Romario Biography –
Where to start...how on Earth do you begin a biography with the most interesting detail about the Brazilian striker? Should I mention the fact that he scored 1,000 goals throughout his 23 year career? Should I tell you about the fact that at 41 years of age, he's still playing at the highest professional level? Or should I go on about how he took Brazil to a splendid World Cup win in 1994?
I'm going to try and take it slowly, because this is a player that doesn't deserve to be rushed.
Dawn of Romario's Career
Born in Rio de Janeiro, a hub for world class talented Brazilian soccer players, he went on to play at the local youth club of Vasco Da Gama, one of the big names in the Brazilian championship.
After 5 years spent at the different youth sections of Vasco, he was finally taken up to the first team in 1985 and was immediately thrown in the fires of the Brazilian championship. His 3 seasons with Vasco earned him experience but also overseas fame and by the time he was 22, he received an offer from one of the most powerful Dutch clubs, PSV Eindhoven.
PSV was undoubtedly Romario's club career apogee. His 5 seasons spent at the club earned him over 150 goals in roughly the same number of matches and as you can probably guess, that's an impressive goal/appearance ratio for any championship, especially for one as tough as the Dutch one. He managed to win the Dutch league with PSV in 1989, 1991 and 1992, before being bought by Spanish giants FC Barcelona.
Romario didn't lose his appetite for goal with his move to Barcelona. In fact, his two seasons there were almost as successful as the ones at PSV, scoring 34 league games for Barca in 46 games, becoming the league's top goalscorer. 1994 was definitely his best year, winning the title with Barcelona, the World Cup with the Brazil national team and being named World Player of the Year. Unfortunately, after a successful 1994-1995 season with Barcelona, his career entered a downfall.
Traveling the Brazil-Spain Route
Moving back to Brazilian side Flamengo in 1995 was not the best of moves for him. Although he did play well here, one season later he found himself going back to Spain to play for Valencia CF for half a season. Returning to Flamengo again, in the 1996-1997 season, only to find himself back at, you guessed, Valencia once more for the second part of the season. And guess where he went back the next year? Yep, Flamengo again.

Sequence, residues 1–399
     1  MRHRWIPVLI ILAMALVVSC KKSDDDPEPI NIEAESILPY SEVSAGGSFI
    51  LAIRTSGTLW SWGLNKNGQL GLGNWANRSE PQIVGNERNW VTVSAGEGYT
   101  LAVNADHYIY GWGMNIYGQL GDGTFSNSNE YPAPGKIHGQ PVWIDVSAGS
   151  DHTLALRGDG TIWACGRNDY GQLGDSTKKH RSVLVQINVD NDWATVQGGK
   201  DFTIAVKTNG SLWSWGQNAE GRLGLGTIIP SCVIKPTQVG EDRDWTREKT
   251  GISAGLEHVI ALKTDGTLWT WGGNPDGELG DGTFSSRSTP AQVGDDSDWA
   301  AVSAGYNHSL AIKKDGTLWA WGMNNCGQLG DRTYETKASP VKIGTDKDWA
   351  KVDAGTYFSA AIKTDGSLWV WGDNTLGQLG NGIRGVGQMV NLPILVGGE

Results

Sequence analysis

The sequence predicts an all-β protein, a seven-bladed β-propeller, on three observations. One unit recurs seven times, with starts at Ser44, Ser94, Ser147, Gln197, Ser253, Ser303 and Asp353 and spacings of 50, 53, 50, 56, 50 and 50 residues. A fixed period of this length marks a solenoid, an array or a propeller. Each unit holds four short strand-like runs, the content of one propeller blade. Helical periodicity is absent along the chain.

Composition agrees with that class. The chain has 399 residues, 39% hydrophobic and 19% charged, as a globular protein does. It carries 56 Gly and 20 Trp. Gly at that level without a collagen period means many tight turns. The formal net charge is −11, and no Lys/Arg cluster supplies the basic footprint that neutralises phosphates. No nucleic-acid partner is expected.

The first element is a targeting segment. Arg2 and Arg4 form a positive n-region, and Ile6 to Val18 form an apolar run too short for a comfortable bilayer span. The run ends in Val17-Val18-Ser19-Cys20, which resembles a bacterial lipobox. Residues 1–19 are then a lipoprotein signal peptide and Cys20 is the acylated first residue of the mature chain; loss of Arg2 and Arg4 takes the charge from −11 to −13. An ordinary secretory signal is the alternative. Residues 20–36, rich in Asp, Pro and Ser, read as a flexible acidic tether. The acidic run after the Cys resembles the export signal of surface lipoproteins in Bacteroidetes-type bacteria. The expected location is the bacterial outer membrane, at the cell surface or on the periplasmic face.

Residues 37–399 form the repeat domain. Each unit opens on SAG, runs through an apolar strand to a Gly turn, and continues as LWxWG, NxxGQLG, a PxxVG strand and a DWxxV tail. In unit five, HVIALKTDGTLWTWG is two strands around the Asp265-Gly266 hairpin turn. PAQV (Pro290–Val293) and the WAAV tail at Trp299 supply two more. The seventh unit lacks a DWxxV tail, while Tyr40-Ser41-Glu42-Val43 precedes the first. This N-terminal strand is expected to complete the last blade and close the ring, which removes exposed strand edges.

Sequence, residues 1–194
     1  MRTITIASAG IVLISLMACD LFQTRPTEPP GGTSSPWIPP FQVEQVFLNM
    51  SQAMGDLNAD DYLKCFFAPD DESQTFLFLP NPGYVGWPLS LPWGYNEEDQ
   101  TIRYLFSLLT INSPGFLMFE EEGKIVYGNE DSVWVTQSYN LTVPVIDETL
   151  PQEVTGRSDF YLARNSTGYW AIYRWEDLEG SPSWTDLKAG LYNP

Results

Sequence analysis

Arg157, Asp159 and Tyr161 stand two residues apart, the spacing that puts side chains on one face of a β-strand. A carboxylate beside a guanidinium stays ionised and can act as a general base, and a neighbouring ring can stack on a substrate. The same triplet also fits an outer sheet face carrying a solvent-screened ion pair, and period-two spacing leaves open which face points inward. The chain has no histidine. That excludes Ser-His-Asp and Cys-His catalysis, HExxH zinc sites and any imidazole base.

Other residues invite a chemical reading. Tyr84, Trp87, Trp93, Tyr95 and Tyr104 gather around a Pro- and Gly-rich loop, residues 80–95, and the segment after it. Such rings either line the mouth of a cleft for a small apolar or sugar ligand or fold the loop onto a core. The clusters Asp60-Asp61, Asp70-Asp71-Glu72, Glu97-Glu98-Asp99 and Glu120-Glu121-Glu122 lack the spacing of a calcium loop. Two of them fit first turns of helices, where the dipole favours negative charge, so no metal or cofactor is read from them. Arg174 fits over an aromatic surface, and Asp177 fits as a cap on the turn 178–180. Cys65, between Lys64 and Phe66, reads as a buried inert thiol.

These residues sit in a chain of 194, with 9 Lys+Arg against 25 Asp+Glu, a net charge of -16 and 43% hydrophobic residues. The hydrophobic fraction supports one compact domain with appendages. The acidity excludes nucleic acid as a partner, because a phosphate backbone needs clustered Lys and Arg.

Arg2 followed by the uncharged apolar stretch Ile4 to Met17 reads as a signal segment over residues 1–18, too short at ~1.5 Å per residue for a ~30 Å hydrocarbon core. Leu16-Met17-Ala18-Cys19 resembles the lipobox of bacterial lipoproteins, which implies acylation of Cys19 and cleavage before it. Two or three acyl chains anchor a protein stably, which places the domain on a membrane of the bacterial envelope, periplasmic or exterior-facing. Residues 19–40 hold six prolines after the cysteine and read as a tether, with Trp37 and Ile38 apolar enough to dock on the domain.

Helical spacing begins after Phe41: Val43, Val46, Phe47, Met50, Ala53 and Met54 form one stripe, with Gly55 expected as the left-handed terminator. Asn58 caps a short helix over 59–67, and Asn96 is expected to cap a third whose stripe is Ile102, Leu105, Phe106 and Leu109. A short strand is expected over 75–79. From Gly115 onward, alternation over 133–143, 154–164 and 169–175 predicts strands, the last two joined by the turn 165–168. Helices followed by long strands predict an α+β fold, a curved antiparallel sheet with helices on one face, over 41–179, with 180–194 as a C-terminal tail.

This overseas table-tennis that he played between the Brazilian soccer and the Spanish soccer made him lose his efficiency and these 4 years would prove vital later on, as he would try to beat Pele's record of 1,000 official goals.
The next 3 years saw him settle down a bit, at Vasco da Gama, the club that introduced him to professional soccer. Romario found his pace again, scoring 41 times in 46 league matches but in 2002, he found himself playing for another Brazilian club, namely Fluminense, in the 2002-2003 season.
When everyone thought the Brazilian striker would settle down, Al Saad came in with a financial offer that no one could have refused, especially Romario who seemed keen to travel the World. His spell with the Quatari side would not be long and by the start of the 2003-2004 season, he was in Brazil again, playing for Fluminense again.
Unfortunately, a conflict with the head coach of the team saw him get fired in 2004, so he decided to go back to the team that launched him into soccer, Vasco Da Gama (it was his 3 spell with the club).
By the time he started the 2005-2006 season for Vasco, no one really gave him a chance of staying at the club for more than one season and that's exactly what happened. 24 Romario goals helped Vasco win the title, but the striker moved on to Miami FC in a lucrative deal.
He did spend a full season in the United States, but only half of it for Miami FC...the second part of 2006 saw him joining Adelaide United, although he barely played for this team.
Nowadays, he plays for Vasco again, for the fourth time in his career, at age 41. Just recently, he managed to score what he believes to be his 1,000th official goal, thus equalizing Pele's record, however many believe that Romario only has 930 goals and not 1000, since he counted goals Romario had scored in unofficial matches as well.
All in all, with a career that spanned over 23 seasons at 9 different teams (he did switch teams 16 times thought, although often returning to a team he played for in the past) and over 930 certain goals under his belt, a World Cup and a long list of trophies won on every continent he played on, he is undoubtedly one of soccer's greatest strikers of all times.